Culture / Foodie Events

Embracing Texas Wines

This $8.99 Find Proves the State’s Bottles Are Worth Another Look

BY // 07.11.16

I don’t often drink Texas wines. One reason is because I had the misfortune of sampling, in a concentrated space of time (not long after I moved to the state, in the middle of 2013), a good number of bottles that were, frankly, pretty bad. I had made it a point to try as many as I could, but then stopped, tired of the quality level. I don’t mind going through my share of wines I don’t like, because that is part of the process of tasting — and the fact that one doesn’t care for a wine does not necessarily make it a bad wine — but it seemed to me that the Texas track record was too iffy, and besides, life really is too short to drink bad juice.

Llana Estacado

Not so long ago I decided to allow Texas back into my portfolio, for a couple of reasons, the primary one being that a friend gave me a case of wines hailing from the state, his way of urging me to drink closer to home. I unpacked it and put the bottles in my Eurocave, and looked forward to opening a few from time to time.

I did just that late last week. It was the 2015 Signature White from Llano Estacado Winery (a blend of Sauvignon Blanc, Chenin Blanc, Viognier, and Chardonnay). It was chilled to around 55 degrees Fahrenheit when I poured the first taste; the Sauvignon Blanc seemed to like that temperature, and it was certainly prominent on the nose. (I am partial to a good Viognier, and I was happy to discover that it also shone through in this bottle, slight thought it was.) Good balance was evident — decent acidity, and a crispness that was appreciated on the warm day.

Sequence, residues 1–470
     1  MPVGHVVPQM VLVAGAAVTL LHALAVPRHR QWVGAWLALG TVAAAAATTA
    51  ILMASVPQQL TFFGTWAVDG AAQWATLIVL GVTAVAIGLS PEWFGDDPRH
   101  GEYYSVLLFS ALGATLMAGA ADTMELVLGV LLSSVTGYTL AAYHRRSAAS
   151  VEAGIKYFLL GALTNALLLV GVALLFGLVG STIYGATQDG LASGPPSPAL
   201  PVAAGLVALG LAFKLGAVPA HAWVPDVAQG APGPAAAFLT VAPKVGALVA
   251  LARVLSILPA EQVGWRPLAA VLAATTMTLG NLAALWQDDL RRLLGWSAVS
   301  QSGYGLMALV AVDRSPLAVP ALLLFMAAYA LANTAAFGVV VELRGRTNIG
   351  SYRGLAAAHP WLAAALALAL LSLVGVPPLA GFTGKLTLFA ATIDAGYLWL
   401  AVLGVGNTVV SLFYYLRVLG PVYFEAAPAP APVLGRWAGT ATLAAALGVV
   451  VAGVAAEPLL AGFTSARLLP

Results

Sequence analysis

We served this with a chicken salad (olive oil, a few capers, onions, celery), and the two paired with aplomb. Greg Bruni, Llano’s head winemaker, has to my palate crafted a pleasant and flexible wine in the 2015 Signature White, and at a retail price of $8.99, I recommend you give it a try. (Stay tuned for more Texas offerings.)

(Note: Not all of the grapes in the 2015 Signature White were grown in Texas; the vintage also includes grapes grown in New Mexico and California.)


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Searching for more wines? Take a look at these stories:

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Mr. Pinot Noir: Donald Patz of Patz & Hall
A Cork Dork Wants to Spend More Time in Tuscany
Sommelier Turned Restaurateur Daringly Goes Greek
Texas Master Sommelier Debunks Wine Geeks
A Bottle From Gigondas Changed This Houston Man’s Life

Oil Man Falls in Love, and the Rest is Good-Taste History
Ryan Cooper of Camerata is a Riesling Man
Mixing It Up With Jeremy Parzen, an Ambassador of Italy
Sommelier at One of Houston’s Top Wine Bars Loves Underdogs

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